As a backup drive, the only thing that I would do if I were to purchase this drive is to purchase the 2 TB version instead of the 1 TB version. While it's a good starting point, 1 TB just isn't enough to store the large volumes of photos, music, and other data that people have on their hard drives. Ideally, a backup drive should be able to keep more than one backup set at a time, and that's where a 2 TB drive really comes in handy. For the small increase in price, that's an easy upgrade decision.
I'm looking forward to trying out the USB 3.0 connection, as that's the most distinctive feature of this drive. Unfortunately, with add-on cards approaching half the cost of this drive, I wasn't willing to make that investment without some assurance that there would be a significant increase in the transfer rates in return.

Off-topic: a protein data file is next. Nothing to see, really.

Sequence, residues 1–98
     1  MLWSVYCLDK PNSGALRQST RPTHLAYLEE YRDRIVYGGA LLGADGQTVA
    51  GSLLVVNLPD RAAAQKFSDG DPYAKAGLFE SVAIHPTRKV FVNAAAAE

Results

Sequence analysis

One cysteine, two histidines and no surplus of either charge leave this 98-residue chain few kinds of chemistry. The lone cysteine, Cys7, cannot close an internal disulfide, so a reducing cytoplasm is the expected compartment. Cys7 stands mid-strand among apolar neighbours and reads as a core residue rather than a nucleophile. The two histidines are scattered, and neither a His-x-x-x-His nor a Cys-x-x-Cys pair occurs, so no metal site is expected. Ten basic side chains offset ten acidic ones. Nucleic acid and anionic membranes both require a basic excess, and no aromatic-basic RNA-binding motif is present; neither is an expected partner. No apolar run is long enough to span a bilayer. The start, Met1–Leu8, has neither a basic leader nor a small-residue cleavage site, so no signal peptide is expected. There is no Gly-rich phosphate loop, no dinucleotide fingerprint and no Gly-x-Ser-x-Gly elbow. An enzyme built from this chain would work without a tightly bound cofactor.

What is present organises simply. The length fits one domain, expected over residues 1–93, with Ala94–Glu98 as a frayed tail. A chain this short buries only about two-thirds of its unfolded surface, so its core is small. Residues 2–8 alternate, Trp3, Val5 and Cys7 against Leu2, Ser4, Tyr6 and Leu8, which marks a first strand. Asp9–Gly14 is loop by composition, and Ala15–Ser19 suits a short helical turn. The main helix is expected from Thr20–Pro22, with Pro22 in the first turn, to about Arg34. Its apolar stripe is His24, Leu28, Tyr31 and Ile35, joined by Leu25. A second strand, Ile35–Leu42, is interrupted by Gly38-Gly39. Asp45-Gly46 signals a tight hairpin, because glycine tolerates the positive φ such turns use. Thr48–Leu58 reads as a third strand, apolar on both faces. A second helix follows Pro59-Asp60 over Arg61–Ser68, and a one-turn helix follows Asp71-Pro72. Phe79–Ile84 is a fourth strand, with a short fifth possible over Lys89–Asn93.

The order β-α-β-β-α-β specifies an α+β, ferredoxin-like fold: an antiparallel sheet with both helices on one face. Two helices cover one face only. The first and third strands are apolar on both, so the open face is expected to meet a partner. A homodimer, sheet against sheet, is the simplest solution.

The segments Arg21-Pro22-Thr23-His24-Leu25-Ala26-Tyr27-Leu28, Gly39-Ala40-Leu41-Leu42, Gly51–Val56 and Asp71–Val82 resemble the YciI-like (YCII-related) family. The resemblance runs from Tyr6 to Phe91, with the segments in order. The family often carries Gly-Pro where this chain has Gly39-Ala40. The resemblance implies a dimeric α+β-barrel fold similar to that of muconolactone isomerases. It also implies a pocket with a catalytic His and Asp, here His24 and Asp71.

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Showing 1-3 of 3 posts in this discussion
Initial post: Jul 11, 2011 10:11:30 PM PDT
This drive is limited by USB 2.0 because drives like this can easily read and write at around 100 MB/second. The read and write speeds you're getting are quite high and most likely at the real-world limit of USB 2.0. USB 3.0 will unleash the potential of this drive.
Posted on Aug 18, 2011 1:17:04 PM PDT
Theoni Lussos says:
The Protection suite now (8-18-11) supports 64 Bit Windows Systems as well. I downloaded and used that for both my backup and VM Clone. Worked flawlessly.
Posted on Mar 20, 2012 7:37:07 PM PDT
You mentioned that this drive worked fine on your windows 7 PC. But many other reviewers have reported that it didn't work properly on windows 7. Could you elaborate on which specific version you had and explain if you used any particular settings that made it work?